“Woe to you who are rich!” (Lk 6:24), said Jesus. “It is easier for a camel to pass through the eye of a needle than for one who is rich to enter the kingdom of God” (Mt 19:24). Agrarian peasants in first-century Galilee no doubt cheered at such indictments of the wealthy in their zero-sum economy, which was marked by stark income inequality. But how did the economic message of Jesus ring out centuries later, when in the late fourth and fifth centuries—for the first time—the church became rich?
Historians, including Peter Brown himself, have often focused on the ascetic response in late antiquity, by which holy men and women renounced wealth, sex, domestic life and civic honor to seek virtuosic communion with God. In the current book, however, Brown argues against treating “the renouncers of wealth as the heroes and heroines of a ‘true’ Christianity” or considering “all other forms of religious giving as somehow a betrayal of the essential radicalism of the Christian movement.” Rather, Brown’s task is “reconstructing the imaginative content of religious giving” in all its quotidian forms: weekly offerings, gifts to the poor, donations to building projects, constructions of funerary monuments, payments of vows, supporting clergymen and teachers and so on.
Brown’s survey of wealth in late Roman society shows that the rise of the Christian rich did not completely alter the societal landscape. Romans had long maintained that “the possession of wealth should be legitimated (or at least be given a more gentle face) by acts of generosity.” The primary change involved not the deeds but their recipients and outcomes. In short, Roman culture was devoted to city life: the ancient and deep social transaction that traded civic benefactions for civic honors was enacted through games, sacrifices, feasts and processions and memorialized through titles, ranks, statues and monuments.
The Christian innovation was twofold: first, benefactions were redirected from the “citizens” to the “poor,” social groups whose fundamental distinctions Brown vividly delineates; second, the outcome of individual generosity was transferred from a monument in a town forum to “treasure in heaven.”
The theological teachings of Jesus and Paul were meaningless apart from economic metaphors—debt, gift (“grace”), redemption, treasure, reward. Brown charts how, over the long fifth century, Christian leaders painted such biblical images on the Roman cultural backdrop of the honors-for-benefactions structure. The ensuing drama transpired locally and regionally. Each city’s emerging Christian leaders were writing scripts in which local elites could play the new role of a wealthy and honorable Christian.
The logic and metaphors of commercial transaction were not rejected but appropriated in many local attempts “to consolidate the Christian community.” Bishops like Ambrose and Augustine “preached urgently” in order to “tame and redirect” the “adrenalin of civic love,” which pulsed through their newly wealthy congregations.
As over 20 discrete chapters of microhistories show, the adaptation of Roman cultural ideology to a Christian piety of giving had mixed results. Then, as now, the preachers were not always persuasive. Brown’s “unremitting sense of place” assures the reader that few sweeping generalizations are forthcoming in the book’s conclusion. But some leaders were successful in promoting regular pious giving of small donations as a means by which to expiate sin and secure a kind of heavenly retirement account. “Seek heaven with a pious heart,” proclaimed an inscription from a church in Mauretania, “through donating a few cubes of mosaic.”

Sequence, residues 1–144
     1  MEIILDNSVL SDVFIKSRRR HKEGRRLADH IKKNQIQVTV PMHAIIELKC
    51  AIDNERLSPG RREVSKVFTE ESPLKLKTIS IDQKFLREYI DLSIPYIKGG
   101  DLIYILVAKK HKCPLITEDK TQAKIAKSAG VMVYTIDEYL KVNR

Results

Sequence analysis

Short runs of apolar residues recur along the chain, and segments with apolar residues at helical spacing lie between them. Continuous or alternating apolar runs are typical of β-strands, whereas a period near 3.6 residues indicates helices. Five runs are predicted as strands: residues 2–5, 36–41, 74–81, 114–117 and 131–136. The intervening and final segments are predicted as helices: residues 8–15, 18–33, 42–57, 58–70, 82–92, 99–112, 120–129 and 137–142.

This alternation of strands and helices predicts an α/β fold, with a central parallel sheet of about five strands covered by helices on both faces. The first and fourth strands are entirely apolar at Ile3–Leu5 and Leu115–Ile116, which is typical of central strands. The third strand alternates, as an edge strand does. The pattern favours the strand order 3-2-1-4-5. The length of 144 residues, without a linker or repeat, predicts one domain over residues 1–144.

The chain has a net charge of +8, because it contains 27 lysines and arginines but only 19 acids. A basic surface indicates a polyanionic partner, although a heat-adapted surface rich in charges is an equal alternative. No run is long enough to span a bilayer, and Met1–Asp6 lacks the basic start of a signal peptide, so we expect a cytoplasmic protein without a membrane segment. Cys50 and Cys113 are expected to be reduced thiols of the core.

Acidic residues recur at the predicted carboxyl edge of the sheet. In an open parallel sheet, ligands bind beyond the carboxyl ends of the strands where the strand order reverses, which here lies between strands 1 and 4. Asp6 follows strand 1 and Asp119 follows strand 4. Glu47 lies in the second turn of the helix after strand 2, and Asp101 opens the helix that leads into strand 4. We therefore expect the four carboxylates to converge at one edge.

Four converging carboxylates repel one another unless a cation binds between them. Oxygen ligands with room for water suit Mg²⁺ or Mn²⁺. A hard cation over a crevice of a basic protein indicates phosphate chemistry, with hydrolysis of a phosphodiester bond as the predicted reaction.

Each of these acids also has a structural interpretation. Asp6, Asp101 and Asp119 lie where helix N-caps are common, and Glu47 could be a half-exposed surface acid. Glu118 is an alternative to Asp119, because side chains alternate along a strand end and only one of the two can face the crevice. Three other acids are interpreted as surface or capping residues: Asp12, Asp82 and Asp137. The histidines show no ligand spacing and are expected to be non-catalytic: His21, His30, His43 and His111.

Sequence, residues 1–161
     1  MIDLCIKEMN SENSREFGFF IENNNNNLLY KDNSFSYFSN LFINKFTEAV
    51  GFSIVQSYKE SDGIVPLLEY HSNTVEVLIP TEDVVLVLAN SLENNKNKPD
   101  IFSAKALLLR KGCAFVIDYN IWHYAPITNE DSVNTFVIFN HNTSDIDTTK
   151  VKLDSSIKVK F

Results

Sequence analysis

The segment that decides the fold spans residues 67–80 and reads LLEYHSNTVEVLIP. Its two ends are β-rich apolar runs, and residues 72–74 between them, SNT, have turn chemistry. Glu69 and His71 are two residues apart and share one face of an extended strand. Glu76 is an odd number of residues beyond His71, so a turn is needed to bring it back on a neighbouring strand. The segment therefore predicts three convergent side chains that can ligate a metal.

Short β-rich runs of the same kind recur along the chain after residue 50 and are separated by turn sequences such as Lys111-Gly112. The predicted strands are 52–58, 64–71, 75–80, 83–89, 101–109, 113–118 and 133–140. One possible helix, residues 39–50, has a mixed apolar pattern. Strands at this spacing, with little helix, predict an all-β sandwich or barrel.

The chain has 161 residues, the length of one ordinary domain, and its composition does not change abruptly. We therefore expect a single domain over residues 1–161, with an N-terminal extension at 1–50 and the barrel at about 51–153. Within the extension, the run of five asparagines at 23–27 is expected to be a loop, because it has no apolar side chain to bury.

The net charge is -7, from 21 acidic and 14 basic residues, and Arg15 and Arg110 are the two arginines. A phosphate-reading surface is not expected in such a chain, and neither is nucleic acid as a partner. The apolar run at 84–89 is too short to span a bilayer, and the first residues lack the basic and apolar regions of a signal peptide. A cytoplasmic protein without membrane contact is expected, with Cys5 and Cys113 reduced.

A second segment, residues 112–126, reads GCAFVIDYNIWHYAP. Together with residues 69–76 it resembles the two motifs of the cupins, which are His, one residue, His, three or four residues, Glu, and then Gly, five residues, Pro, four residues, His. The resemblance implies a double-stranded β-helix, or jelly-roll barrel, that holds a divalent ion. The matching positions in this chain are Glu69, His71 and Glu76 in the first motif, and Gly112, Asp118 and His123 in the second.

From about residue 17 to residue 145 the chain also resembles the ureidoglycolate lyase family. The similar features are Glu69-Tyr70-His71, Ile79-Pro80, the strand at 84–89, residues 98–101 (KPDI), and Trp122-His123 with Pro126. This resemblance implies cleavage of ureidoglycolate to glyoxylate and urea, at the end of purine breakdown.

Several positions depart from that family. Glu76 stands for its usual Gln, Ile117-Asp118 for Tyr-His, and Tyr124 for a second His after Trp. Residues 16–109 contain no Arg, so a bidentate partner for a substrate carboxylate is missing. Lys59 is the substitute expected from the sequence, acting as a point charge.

Each chapter is effortlessly guided by Brown’s distinctive style. It is doubtful the book could have undergone a really “blind” peer review, because every student and scholar of late antiquity would recognize the trademarks of the author’s historical prose: the explication of both continuity and change; attention to all possible types of evidence, especially those that reveal glimpses of non-elites (e.g., tombstones); ample comparisons to other cultures and to the contemporary world; and a wonderfully dynamic style of translation of ancient texts. We find aspects of the late ancient world compared to toxic factories, polar ice caps, crystalline pseudomorphosis, 1960s-style teach-in and sumo wrestling, just to name a few memorable analogies.
It is also doubtful that any other current historian could have written it. No search engine can do this work. Obscure points of social history are plucked from unheralded monuments, sermons and speeches from every corner of the empire. Even seasoned scholars will learn something on every page. As an example of Brown’s labor-intensive style of argument through miniscule details, he cites in passing a unique reference to a slang term for the “poor box” at Augustine’s church in Hippo: it was called the quadriga, “the four-horse chariot that swung low to sweep the alms of the faithful (as it had once swept the prophet Elijah himself) far beyond the stars to heaven.” By the end of the book, Brown has shown through hundreds of such examples the transformations of late antiquity with respect to wealth.
Like other great works of historiography, this book feels timeless and timely at the same time—an instant classic. Christians have always been and currently are concerned about income inequality and about finding the proper balance between individual acts of charity and just civic structures. But like a master chef, Brown does not remind the reader of how seasonally appropriate his product is. Nowhere does the prose trumpet, “Look how relevant this is!” Rather, we devour the book and leave satisfied by its heartiness and subtlety, fully aware that all the ingredients were in season and artfully prepared by a master.